However, the innovative Sahel Solar Project from the African Development Bank has established 10 G.W. of off-grid solar in rural areas spanning Burkina Faso, Chad, Mauritania, and Senegal in just a few years, taking the lead in the industry.
Senegal is also on the World Bank’s Scaling Solar program’s radar, thanks to the creation of 60 M.W. of new solar energy last year. Solar energy is still the most affordable energy source in the area, costing less than 4 cents per kWh.
- Increasing Natural Gas Capacity for Power Generation:
With Woodside’s Sangomar field producing 60-100 million cubic feet (mcf) of gas per day and B.P.’s Greater Tortue Ahmeyim (GTA) project producing 35 mcf, an estimated 600-840 MW of gas-to-power generation options and capacity is set to come online.
Senegal currently has a net capacity of 1.3 GW, of which 60% is oil, 13% is coal, and 6% is natural gas. Therefore, domestic gas production may displace oil as the main energy source while gradually phasing out carbon-intensive coal.
The 15 trillion cubic feet (tcf) of natural gas at GTA represents only a small portion of the basin’s 50 tcf of known reserves; if tapped at rates comparable to GTA, the basin’s reserves might add 515 MW of capacity over several decades. Additionally, Sangomar’s 500 million barrels and the basin’s nine billion barrels of oil equivalent might each produce 4.32 GW of trapped gas.
- Discovering Wind Opportunity:
The MSGBC region’s total wind power density at 100 meters above the ground is less than 260 W/m2, below the world average. However, due to their extensive coastlines, the MSGBC countries have identified a niche market opportunity that offers around one-tenth the net generating potential of solar at similarly low costs.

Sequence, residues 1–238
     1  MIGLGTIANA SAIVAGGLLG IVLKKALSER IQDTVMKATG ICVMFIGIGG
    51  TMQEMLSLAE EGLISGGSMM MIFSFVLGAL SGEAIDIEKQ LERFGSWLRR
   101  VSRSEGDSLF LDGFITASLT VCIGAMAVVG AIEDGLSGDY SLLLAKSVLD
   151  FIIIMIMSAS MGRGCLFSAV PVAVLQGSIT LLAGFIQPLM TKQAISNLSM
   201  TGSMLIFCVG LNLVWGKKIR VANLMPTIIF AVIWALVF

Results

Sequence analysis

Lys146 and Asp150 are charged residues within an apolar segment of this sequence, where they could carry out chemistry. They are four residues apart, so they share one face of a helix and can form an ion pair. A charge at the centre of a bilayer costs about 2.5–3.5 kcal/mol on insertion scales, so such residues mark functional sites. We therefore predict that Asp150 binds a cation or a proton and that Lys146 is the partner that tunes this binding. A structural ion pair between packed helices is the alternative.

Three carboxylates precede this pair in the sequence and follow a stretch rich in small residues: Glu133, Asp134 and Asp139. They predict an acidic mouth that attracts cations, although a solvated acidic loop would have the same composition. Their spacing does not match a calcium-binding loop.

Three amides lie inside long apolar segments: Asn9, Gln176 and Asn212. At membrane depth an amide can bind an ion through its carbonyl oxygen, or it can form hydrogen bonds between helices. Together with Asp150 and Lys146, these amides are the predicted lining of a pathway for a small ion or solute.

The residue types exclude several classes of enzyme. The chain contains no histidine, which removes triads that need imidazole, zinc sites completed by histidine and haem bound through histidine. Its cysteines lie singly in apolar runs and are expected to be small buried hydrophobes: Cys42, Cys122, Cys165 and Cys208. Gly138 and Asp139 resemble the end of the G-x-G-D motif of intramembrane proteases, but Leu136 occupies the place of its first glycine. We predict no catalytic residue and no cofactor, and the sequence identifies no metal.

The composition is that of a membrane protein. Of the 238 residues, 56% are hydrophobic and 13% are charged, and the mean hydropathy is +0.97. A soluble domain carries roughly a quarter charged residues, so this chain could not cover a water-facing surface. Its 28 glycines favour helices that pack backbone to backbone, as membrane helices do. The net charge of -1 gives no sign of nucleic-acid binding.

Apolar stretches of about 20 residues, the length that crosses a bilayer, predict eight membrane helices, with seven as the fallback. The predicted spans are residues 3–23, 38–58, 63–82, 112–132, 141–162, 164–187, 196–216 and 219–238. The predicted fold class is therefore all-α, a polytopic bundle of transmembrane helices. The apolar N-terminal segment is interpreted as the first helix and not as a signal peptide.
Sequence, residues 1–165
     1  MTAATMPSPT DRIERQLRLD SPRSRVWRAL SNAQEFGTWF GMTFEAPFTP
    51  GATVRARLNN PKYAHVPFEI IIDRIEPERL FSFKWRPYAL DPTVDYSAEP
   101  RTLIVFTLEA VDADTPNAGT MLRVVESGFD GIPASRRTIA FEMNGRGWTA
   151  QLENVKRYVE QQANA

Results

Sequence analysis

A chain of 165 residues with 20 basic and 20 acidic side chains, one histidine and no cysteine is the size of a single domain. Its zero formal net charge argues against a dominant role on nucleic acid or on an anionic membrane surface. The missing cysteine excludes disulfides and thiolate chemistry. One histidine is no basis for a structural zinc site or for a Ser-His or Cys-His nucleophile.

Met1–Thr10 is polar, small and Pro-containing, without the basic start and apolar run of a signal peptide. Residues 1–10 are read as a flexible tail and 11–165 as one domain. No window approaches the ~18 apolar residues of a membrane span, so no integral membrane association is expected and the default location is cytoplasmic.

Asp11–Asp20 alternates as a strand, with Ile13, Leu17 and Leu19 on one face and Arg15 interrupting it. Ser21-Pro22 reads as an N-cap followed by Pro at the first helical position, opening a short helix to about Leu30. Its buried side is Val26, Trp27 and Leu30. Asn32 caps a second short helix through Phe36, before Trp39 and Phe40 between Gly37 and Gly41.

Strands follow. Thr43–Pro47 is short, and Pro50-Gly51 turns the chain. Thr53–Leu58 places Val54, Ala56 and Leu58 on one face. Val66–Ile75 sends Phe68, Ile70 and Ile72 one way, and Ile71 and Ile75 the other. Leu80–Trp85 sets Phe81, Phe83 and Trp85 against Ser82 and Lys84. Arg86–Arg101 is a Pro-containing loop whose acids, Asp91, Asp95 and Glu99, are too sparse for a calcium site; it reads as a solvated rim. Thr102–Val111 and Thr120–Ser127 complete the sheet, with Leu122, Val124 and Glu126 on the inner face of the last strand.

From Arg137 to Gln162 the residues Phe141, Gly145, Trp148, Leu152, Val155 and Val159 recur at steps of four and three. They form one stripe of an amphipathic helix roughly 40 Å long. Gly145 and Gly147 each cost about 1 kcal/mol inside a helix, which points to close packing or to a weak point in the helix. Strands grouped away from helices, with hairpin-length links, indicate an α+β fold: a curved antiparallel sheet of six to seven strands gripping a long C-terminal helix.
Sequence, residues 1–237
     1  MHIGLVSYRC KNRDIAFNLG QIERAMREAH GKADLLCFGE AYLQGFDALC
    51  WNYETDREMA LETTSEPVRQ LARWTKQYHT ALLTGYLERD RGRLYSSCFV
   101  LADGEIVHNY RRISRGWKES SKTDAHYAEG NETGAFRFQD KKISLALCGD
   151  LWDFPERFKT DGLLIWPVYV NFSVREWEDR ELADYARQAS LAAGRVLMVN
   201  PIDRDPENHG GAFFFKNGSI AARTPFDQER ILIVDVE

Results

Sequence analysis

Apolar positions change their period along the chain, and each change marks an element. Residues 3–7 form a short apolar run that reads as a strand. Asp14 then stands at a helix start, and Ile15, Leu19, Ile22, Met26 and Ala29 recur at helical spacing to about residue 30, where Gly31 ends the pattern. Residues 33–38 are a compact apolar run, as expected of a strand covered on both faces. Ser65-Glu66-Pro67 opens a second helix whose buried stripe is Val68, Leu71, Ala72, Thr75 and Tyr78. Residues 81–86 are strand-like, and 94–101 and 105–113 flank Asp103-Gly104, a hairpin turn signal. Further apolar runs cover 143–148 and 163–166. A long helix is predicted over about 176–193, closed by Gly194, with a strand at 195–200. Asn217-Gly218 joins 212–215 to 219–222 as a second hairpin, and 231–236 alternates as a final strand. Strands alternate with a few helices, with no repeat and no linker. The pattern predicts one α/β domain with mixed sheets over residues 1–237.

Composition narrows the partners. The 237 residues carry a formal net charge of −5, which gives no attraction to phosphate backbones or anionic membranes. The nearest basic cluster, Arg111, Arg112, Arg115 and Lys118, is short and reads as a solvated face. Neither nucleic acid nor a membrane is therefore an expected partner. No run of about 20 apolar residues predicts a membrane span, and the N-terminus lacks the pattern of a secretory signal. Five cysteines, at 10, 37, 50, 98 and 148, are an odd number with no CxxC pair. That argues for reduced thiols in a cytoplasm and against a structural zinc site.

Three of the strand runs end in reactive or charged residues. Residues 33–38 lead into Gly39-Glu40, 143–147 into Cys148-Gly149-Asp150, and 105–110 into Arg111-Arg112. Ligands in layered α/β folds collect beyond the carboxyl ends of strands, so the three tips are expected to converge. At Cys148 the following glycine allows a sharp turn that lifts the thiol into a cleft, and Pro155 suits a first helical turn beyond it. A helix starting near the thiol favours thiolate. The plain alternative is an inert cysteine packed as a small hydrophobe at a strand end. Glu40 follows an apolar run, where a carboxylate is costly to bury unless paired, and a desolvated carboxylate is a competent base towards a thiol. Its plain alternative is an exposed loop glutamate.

The 158.7 MW Taiba N’Diaye plant, located in Senegal, is west Africa’s largest wind power station and provides night-peaking power generation options to balance solar energy’s day-dominant tendencies for continuous supply.
Lekela, an African power company, is looking into the possibility of expanding Taiba N’Diaye’s capacity by an additional 100 MW. The 102.4 MW Boulenouar Wind Farm in Mauritania, which will cost $150 million, is expected to start operating in the fourth quarter of this year.
- A Future with Better Energy in West Africa:
Scalability and cost-efficiency are concerns for investors, business leaders, and politicians as MSGBC Oil, Gas & Power 2022 draws near. Although the supply of green hydrogen produced by electrolyzing seawater is limitless, this process needs a lot of energy to be viable.
Mauritania chose hybrid solar and wind slate developments, totaling 23 G.W. for the former and 18 G.W. for the latter, to balance this equation in its $43.5 billion green hydrogen project agreements announced last year.
Despite having the fastest-growing population in the world, every country in West Africa has set a medium-term goal of achieving universal electricity. For economic growth from energy exports, production must match and exceed demand. Still, for an equitable transition, gas investments must be made in tandem with those in solar and wind power generation options.
The Final Words:
Visit the website Prismecs to participate in discussions on these problems with other delegates and to benefit from unrivaled networking opportunities with the region’s top energy decision-makers. Here you’ll find a lot of data about scalable energy generation. Visit https://prismecs.com/ to know more about power generation options.